Wednesday, April 2, 2008

Felony Child Abuse in California DUI results in Deportation

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Filed 4/2/08 P. v. Bystrova CA4/1


California Rules of Court, rule 8.1115(a), prohibits courts and parties from citing or relying on opinions not certified for publication or ordered published, except as specified by rule 8.1115(b). This opinion has not been certified for publication or ordered published for purposes of rule 8.1115.




Plaintiff and Respondent,



Defendant and Appellant.
(Super. Ct. No. SCD198622)

APPEAL from an order of the Superior Court of San Diego County, George W. Clarke, Judge. Affirmed.

In December 2005, Elena Bystrova, a Russian citizen and a lawful permanent resident of the United States, drove with a blood alcohol level of .08 percent or higher, with her nine-year-old child in the car . In May 2006, Bystrova entered a negotiated guilty plea to misdemeanor driving with a blood alcohol level of .08 percent or more with a prior conviction of a similar offense (Veh. Code, §§ 23152, subd. (b), § 23540) and felony child abuse (Pen. Code, § 273a, subd. (a)).1 In July the court placed Bystrova on five years' probation. In August the United States commenced proceedings to deport Bystrova to Russia.

In October 2006 Bystrova filed a petition for writ of error coram nobis, a memorandum of points and authorities in support of motion to withdraw guilty plea or writ of error coram nobis, and a declaration. She claimed that before she entered the plea, her attorney did not advise her that willfulness was an element of felony child abuse and a conviction would result in her deportation. She requested the court vacate the probation grant and allow her to withdraw her plea. The People did not file opposition. The superior court construed Bystrova's petition as a motion to withdraw the plea and denied it. Bystrova appeals, contending the court erred by denying the motion because she entered her plea through inadvertence, ignorance, and without knowledge of all the facts, and the court erred by failing to grant her a hearing on the motion and petition. We affirm.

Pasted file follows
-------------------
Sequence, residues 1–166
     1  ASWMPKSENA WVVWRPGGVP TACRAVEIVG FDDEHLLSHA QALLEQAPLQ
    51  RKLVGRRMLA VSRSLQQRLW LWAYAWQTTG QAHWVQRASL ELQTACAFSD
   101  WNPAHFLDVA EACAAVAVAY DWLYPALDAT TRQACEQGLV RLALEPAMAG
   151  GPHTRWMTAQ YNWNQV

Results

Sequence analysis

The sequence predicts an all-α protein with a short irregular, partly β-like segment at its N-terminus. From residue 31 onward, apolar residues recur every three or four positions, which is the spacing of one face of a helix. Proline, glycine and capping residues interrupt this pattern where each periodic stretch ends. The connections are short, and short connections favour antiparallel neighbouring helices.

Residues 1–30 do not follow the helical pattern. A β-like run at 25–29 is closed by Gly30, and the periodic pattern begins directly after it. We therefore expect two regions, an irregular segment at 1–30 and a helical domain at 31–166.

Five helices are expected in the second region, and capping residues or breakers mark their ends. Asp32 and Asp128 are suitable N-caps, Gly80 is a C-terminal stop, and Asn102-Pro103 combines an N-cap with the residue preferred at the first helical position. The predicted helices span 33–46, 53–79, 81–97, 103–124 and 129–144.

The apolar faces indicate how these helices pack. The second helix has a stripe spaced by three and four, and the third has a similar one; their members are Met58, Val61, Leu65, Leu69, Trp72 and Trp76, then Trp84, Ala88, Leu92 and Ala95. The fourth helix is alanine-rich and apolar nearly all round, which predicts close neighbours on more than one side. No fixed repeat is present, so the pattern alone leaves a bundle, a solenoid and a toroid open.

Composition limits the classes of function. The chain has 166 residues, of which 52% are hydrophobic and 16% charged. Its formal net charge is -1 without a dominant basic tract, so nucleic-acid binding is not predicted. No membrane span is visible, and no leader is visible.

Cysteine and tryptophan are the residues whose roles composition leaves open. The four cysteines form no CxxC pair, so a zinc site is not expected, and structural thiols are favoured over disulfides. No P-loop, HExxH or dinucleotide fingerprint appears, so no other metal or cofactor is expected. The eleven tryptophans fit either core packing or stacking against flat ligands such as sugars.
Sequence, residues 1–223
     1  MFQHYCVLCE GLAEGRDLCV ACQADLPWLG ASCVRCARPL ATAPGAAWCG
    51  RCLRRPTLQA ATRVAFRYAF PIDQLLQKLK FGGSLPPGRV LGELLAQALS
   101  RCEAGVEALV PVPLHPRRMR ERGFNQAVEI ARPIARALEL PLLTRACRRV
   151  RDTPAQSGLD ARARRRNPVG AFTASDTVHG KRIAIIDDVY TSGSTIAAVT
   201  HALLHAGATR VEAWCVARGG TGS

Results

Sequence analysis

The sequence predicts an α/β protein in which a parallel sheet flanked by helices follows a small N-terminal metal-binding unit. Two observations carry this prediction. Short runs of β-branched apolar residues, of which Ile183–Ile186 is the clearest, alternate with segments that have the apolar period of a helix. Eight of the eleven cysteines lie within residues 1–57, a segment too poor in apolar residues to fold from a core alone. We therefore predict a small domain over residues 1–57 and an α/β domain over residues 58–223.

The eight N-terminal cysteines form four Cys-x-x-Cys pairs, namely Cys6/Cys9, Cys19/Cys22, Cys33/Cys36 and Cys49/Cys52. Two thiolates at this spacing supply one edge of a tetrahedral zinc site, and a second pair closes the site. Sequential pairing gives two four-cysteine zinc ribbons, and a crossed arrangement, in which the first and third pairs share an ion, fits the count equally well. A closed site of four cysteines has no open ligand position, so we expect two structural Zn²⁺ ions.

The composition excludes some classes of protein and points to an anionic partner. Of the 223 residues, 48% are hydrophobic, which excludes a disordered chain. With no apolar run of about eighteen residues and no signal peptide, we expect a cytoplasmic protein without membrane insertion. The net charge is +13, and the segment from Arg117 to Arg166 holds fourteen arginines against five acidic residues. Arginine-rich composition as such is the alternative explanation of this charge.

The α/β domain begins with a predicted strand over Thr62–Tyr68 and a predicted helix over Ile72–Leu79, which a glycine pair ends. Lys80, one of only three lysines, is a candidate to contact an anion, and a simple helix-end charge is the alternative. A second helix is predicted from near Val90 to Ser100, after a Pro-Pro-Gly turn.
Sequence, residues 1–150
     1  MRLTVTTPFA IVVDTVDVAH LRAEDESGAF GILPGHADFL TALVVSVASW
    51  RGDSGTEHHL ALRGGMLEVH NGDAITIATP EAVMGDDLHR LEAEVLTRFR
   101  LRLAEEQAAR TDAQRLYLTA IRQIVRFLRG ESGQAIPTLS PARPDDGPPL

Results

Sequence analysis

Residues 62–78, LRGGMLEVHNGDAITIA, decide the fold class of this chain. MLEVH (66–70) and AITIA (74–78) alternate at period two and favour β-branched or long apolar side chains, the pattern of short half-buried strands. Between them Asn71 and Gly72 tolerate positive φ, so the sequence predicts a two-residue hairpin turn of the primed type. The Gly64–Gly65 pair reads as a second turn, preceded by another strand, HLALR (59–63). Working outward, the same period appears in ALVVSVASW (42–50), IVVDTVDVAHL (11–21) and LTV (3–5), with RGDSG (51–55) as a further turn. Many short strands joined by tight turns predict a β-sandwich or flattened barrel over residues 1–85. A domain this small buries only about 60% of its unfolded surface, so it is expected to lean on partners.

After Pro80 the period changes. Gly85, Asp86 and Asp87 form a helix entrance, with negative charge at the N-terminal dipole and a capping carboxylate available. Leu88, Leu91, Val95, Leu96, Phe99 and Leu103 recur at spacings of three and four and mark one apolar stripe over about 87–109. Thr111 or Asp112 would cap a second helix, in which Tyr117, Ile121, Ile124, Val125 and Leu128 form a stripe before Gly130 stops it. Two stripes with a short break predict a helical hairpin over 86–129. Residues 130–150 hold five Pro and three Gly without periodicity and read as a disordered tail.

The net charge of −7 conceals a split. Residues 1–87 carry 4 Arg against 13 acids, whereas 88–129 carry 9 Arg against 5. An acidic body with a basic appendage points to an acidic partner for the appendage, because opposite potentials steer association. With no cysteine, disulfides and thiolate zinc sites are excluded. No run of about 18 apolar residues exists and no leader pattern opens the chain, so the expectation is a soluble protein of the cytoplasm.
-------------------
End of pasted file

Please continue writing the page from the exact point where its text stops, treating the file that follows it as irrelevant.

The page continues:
The record shows the following factual basis for Bystrova's plea. The change of plea form states, "I drove with a blood alcohol level of .08% or higher. I did unlawfully place a child in a situation where his or her health was endangered." At the change of plea hearing, the court asked Bystrova, "Are you pleading guilty . . . because . . . you operated a motor vehicle with a blood alcohol level in excess of 0.08 percent or higher, and you unlawfully placed a child in a situation where his or her health was endangered by your conduct; is that right?". Bystrova said, "Yes."


The record does not disclose whether the trial court suspended imposition of sentence, or suspended execution of sentence. In the former case, Bystrova's request for relief would be governed by section 1018. (People v. Superior Court (Giron) (1974) 11 Cal.3d 793, 796.) Section 1018 allows a motion to withdraw a guilty plea "at any time before judgment or within six months after an order granting probation is made if entry of judgment is suspended." While section 1018 is to "be liberally construed to . . . promote justice" (ibid.), to prevail on a motion to withdraw a guilty plea the defendant must make a showing of good cause by clear and convincing evidence (People v. Wharton (1991) 53 Cal.3d 522, 585). "To establish good cause, it must be shown that defendant was operating under mistake, ignorance, or any other factor overcoming the exercise of his free judgment [including] inadvertence, fraud or duress." (People v. Huricks (1995) 32 Cal.App.4th 1201, 1208.) "A plea may not be withdrawn simply because the defendant has changed [her] mind." (People v. Nance (1991) 1 Cal.App.4th 1453, 1456.) The denial of a withdrawal motion will not be reversed absent an abuse of discretion. (Ibid.)